MATH437 December 2006
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Suppose that x,y,z are positive integers satisfying and . Show that there are integers u and v for which and .
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The Fundamental Theorem of Arithmetic is the major idea in this proof. Start with the term and proceed from there.
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By the fundamental theorem of arithmetic, let be the prime factorization. Suppose that for any i. Then since x and y are coprime, this means that . Thus, we must have that .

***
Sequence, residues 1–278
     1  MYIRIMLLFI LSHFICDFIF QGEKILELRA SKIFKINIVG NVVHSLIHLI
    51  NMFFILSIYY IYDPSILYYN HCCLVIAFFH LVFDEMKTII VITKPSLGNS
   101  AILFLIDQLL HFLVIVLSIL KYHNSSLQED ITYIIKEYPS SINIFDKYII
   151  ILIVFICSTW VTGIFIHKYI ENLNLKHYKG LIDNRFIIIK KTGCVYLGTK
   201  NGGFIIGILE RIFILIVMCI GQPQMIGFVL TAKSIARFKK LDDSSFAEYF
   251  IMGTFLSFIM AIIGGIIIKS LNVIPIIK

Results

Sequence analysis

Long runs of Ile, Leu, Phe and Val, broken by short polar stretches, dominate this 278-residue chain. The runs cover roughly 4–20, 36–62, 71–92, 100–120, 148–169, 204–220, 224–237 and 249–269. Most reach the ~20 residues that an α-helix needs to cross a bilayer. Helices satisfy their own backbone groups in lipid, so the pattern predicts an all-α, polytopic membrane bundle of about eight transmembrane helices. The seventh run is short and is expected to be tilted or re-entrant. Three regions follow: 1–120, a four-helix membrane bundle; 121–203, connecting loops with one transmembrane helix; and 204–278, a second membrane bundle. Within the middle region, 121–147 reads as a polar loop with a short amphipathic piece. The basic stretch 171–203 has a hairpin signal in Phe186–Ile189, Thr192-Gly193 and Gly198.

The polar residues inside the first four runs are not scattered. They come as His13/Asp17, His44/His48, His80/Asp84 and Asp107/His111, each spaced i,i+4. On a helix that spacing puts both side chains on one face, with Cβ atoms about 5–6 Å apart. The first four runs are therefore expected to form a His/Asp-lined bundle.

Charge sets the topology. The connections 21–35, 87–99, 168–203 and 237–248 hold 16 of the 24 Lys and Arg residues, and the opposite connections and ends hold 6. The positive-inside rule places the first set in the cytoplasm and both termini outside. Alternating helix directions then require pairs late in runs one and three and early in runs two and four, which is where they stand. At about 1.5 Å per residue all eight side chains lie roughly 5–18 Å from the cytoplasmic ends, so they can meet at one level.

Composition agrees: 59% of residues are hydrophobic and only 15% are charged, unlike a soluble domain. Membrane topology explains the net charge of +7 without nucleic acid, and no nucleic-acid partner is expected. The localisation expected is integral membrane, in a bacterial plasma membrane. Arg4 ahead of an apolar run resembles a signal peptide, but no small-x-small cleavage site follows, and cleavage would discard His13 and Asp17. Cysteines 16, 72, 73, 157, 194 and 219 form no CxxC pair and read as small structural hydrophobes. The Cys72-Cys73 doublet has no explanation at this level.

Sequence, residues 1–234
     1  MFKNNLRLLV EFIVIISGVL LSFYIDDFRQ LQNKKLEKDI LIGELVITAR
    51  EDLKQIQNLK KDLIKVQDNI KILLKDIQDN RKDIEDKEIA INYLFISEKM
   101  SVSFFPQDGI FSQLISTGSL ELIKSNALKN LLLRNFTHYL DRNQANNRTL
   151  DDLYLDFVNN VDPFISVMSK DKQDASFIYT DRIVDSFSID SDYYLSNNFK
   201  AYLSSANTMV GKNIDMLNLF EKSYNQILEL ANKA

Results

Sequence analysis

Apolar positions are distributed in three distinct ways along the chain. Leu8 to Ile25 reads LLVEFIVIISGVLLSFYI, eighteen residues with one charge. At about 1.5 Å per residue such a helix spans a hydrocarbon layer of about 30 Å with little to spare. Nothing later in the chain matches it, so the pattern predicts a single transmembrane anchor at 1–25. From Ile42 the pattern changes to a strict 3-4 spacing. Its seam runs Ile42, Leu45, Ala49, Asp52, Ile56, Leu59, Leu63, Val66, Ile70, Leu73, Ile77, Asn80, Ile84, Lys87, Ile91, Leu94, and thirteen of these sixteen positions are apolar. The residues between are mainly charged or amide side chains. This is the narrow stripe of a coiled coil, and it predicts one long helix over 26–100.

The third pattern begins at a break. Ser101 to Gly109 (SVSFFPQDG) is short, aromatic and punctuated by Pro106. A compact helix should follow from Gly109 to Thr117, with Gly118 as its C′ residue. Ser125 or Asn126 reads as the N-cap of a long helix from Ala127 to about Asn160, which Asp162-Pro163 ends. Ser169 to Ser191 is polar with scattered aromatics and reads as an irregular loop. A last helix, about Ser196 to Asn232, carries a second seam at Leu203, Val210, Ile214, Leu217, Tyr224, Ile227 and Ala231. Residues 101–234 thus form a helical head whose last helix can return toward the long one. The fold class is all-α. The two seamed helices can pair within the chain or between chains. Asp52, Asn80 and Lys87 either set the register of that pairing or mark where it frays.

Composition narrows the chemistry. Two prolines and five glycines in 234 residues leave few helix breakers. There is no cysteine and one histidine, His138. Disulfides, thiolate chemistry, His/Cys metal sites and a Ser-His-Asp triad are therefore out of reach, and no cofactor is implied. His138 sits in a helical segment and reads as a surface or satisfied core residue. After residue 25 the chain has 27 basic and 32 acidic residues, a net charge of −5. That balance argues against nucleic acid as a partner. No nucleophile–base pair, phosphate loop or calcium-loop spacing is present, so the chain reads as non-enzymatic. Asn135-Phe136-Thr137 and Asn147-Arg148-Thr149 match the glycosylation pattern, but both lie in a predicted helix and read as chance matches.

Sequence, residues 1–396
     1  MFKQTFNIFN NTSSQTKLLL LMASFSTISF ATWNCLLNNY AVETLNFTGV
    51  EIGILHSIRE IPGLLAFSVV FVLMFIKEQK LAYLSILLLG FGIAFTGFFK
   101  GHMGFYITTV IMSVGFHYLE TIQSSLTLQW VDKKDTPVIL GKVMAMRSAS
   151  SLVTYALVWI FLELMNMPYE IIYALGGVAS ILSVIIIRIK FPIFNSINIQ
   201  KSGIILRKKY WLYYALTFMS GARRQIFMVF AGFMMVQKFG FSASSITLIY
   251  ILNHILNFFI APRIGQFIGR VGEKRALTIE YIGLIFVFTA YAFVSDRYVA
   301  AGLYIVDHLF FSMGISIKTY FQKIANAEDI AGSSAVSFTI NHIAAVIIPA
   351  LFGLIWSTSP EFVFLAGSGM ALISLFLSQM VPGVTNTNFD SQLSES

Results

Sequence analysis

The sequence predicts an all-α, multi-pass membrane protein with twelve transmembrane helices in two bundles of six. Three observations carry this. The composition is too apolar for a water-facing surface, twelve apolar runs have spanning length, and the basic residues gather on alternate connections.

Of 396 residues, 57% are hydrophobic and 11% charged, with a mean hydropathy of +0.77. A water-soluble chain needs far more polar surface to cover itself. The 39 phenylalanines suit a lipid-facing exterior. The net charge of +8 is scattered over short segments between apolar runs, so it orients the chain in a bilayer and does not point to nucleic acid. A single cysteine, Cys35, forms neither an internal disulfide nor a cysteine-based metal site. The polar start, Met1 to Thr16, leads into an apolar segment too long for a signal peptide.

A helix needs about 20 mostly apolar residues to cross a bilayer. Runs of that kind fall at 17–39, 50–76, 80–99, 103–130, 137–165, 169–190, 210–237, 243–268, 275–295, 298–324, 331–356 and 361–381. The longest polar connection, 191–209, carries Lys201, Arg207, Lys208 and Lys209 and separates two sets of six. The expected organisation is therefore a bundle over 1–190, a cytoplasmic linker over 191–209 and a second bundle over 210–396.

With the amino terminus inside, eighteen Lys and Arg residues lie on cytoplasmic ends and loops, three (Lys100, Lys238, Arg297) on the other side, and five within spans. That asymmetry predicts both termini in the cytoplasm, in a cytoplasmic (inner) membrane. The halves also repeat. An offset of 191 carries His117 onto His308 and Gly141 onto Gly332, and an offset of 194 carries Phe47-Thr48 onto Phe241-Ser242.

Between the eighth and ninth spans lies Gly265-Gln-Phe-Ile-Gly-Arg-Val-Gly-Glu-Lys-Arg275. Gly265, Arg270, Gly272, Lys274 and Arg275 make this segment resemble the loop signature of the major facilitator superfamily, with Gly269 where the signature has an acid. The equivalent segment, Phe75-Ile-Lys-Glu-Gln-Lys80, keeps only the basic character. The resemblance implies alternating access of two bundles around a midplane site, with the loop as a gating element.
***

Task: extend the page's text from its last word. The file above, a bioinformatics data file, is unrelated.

If one of x or y (or both) has no prime factors, then since these numbers are positive, they must be equal to 1 which is a square.
Repeating this argument for all such i and noticing that this argument is symmetric in x and y, we see that
completing the proof.
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